Reference Tissue Models for FDG-PET Data: Identifiability and Solvability

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    A reference tissue model (RTM) is a compartmental approach to the estimation of the kinetic parameters of the tracer flow in a given two-compartment target tissue (TT) without explicit knowledge of the time activity curve (TAC) of tracer concentration in the arterial blood. An \u201cindirect\u201d measure of arterial concentration is provided by the TAC of a suitably chosen one-compartment reference tissue (RT). The RTM is formed by the RT and the TT. In this paper, it is shown that the RTM is identifiable, i.e., the rate constants are uniquely retrievable, provided that a selection criterion for one of the coefficients, which is based on the Logan plot of the RT, is introduced. The exchange coefficients are then evaluated by the application of a Gauss-Newton method, with a regularizing term, accounting for the ill-posedness of the problem. The reliability of the method is validated against synthetic data generated according to realistic conditions, and compared with the full two-compartment model for the TT, here used as \u201cgold standard.\u201d Finally, the RTM is applied to the estimate of the rate constants in the case of animal models with murine cancer cell lines CT26 inoculated

    Para um desenvolvimento de competências interculturais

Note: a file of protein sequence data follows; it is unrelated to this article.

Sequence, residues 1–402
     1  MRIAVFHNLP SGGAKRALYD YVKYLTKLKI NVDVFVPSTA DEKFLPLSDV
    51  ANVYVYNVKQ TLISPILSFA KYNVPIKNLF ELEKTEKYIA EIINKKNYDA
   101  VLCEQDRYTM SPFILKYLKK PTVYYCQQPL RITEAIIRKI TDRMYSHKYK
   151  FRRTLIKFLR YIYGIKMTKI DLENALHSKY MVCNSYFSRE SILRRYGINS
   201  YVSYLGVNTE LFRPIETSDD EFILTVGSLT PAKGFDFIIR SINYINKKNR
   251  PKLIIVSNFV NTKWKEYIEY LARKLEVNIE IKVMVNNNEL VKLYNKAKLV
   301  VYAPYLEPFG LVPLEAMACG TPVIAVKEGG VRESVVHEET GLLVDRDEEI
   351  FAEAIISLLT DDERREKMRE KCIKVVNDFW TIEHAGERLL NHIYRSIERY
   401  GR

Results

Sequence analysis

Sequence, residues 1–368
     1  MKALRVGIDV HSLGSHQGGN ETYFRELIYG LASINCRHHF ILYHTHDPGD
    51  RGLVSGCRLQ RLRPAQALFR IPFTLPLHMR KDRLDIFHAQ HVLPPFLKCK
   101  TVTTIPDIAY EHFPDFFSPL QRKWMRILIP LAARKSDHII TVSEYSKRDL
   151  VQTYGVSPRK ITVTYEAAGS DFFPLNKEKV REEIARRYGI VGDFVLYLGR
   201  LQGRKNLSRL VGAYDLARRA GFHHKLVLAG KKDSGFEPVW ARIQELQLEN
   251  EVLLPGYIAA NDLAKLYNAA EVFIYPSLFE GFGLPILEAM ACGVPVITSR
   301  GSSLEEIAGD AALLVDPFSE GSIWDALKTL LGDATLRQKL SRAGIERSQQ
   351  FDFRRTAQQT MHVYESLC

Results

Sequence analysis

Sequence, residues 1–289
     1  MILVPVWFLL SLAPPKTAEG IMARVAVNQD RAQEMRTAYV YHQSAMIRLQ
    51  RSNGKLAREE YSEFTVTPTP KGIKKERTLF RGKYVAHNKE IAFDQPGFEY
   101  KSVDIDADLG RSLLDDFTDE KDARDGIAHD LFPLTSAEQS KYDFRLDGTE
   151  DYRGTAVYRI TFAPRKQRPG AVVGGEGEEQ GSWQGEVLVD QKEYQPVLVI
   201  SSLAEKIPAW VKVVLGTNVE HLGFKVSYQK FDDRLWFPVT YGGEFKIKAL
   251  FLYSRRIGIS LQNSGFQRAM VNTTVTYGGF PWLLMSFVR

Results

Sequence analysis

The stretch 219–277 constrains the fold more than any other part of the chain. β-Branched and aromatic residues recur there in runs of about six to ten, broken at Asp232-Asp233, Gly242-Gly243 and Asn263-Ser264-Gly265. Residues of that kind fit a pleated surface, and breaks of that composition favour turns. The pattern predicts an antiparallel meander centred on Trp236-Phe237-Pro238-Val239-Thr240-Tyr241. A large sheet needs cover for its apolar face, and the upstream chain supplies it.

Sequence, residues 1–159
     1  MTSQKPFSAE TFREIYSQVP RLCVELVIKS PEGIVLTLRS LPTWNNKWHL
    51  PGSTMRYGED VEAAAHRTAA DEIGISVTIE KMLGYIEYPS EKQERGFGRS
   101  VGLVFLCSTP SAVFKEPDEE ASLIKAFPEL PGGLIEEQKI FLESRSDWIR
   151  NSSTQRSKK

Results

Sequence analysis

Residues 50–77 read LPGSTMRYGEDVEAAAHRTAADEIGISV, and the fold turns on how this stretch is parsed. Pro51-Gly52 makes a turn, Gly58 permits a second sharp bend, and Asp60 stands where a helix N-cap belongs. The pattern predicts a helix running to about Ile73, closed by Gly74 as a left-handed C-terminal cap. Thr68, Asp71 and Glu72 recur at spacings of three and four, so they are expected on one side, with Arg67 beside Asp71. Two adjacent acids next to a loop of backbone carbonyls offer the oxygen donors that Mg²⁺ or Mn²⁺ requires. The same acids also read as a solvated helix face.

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    El grupo de Galapro “Intercomprensión e interculturalidad”, está compuesto por participantes de lenguas romances, en su mayoría formadores, que han decidido relacionar de alguna manera la intercomprensión entre las lenguas de una misma familia con cuestiones relacionadas con la diversidad de culturas y costumbres. El objetivo marcado es la realización de un artículo o trabajo que analice un aspecto concreto de la interculturalidad en una sesión del Chat de una plataforma anterior, denominada Galanet, donde se investigaba y ponía en práctica la intercomprensión. Concretamente, hemos decidido tratar las formas de la cortesía en este lugar y entre lenguas/culturas distintas. Pero para ello, presentaremos primero una serie de características que nos sitúen en esa nueva forma de comunicación que es el Chat. Tras los análisis concretos de distintos aspectos de la cortesía (traducción e interculturalidad, otros aspectos y las negaciones y sus respuestas) propondremos algunas aplicaciones didácticas posibles en base a todo lo estudiado. En concreto, ofrecemos un cuestionario para los participantes en chats de diversas lenguas para conocer las representaciones sobre la interculuralidad y la cortesía que manejan. Algunos de los objetivos de estas propuestas didácticas podrían ser: encontrar modos de potenciar la interculturalidad, conocer las costumbres y modos lingüísticos corteses y descorteses de otras culturas para evitar el conflicto, deconstruir mitos y anular estereotipos, etc. Los materiales utilizados para componer este artículo han sido en primer lugar, ejemplos de Chats extraídos de Galanet que trataban diferencias culturales y/o lingüísticas. Entre ellos tenemos, una sesión que se ocupaba de lo no verbal y lo gestual entre extranjeros, otra que trataba sobre los falsos amigos, un Chat denominado “Agua”, pero que se dedicaba a las interferencias entre lenguas romances y experiencias en el extranjero de los participantes y finalmente, el Chat “Comida” que es el que hemos elegido para realizar nuestro análisis y que incluye varios temas “interculturales” como el orden de las comidas o la forma de leer la hora. Además de esta base de datos que recopila ejemplos empíricos se han incluido en los foros otros artículos de carácter teórico, como aquel que trata las formas de gestionar el conflicto en los chats y foros , varias fichas de lectura tomadas de Galanet y Galapro y se nos ha animado a visitar los ficheros específicos de esta segunda plataforma que trataban sobre la intercomprensión